[thelist] Fulltime to freelance

patrick pms at stoutstreet.com
Mon Nov 24 16:27:54 CST 2008

Nan Harbison wrote:
> I work for myself and have almost quit all the other part time jobs I had
> pieced together in order to survive. Here are the two most important tips I
> can give you:
> If you are in the US, join your local Chamber of Commerce because you can
> get job references from it, mine has a "Business After Hours" once a month
> where members meet in the office or shop of a member, have some wine and
> snacks and we all get a chance to say who we are and what we do, I always
> get some work from these, sometimes just fixing or adding something on a
> website, which can thenn leac to doing a new website down the road. Also you
> can get a cheaper rate on health insurance, if you need it. (There are other
> business organizations as well, for example, Boston, MA has a PHP developers
> group that meets and often someone is looking for a developer.)
> You have to be 100% accessible to clients, returning their emails or phone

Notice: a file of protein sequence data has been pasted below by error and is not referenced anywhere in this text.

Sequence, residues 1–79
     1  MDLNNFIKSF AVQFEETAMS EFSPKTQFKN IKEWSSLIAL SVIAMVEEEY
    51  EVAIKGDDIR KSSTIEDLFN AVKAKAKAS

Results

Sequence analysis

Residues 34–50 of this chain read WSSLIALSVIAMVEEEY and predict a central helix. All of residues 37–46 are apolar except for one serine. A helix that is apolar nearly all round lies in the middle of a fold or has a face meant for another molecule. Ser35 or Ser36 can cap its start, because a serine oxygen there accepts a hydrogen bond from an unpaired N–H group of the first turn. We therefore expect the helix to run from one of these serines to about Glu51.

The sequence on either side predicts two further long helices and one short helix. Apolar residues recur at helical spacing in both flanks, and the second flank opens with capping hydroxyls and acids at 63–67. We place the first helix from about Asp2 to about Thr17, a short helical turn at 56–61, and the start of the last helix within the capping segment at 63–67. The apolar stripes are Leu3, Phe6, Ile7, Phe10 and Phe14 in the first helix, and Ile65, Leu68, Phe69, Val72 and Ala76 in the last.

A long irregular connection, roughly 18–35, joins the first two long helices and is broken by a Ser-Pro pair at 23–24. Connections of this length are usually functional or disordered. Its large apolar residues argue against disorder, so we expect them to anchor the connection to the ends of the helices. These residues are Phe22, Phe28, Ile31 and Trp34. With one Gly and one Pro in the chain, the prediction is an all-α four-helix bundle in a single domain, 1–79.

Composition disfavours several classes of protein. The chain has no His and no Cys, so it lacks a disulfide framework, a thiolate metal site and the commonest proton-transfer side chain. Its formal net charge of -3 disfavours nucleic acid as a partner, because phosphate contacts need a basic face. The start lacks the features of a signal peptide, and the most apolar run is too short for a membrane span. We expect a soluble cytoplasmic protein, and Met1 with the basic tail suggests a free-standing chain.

> calls even when you don't want to, and do what they ask you to do in a
> reasonable amount of time. I can't tell you how many websites I have taken
> over because the business/owner was sick of the web guy they used who now
> seems to have disappeared off the face of the earth. This is how I bill
> myself now, that "I am happy to take over for the web guy who abandoned
> you". And boy, do people relate to this!
> Good luck,
> Nan

Seconding these tips wholeheartedly.

You might also consider pairing up -- however informally -- with someone
who has a complementary skill set. I do mostly site production and dev
stuff, and work with a graphic designer who makes with the pretty better
than I can.

And something I heard when I started on my own still rings true: you
either work all the time or none of the time.

Try to balance that.



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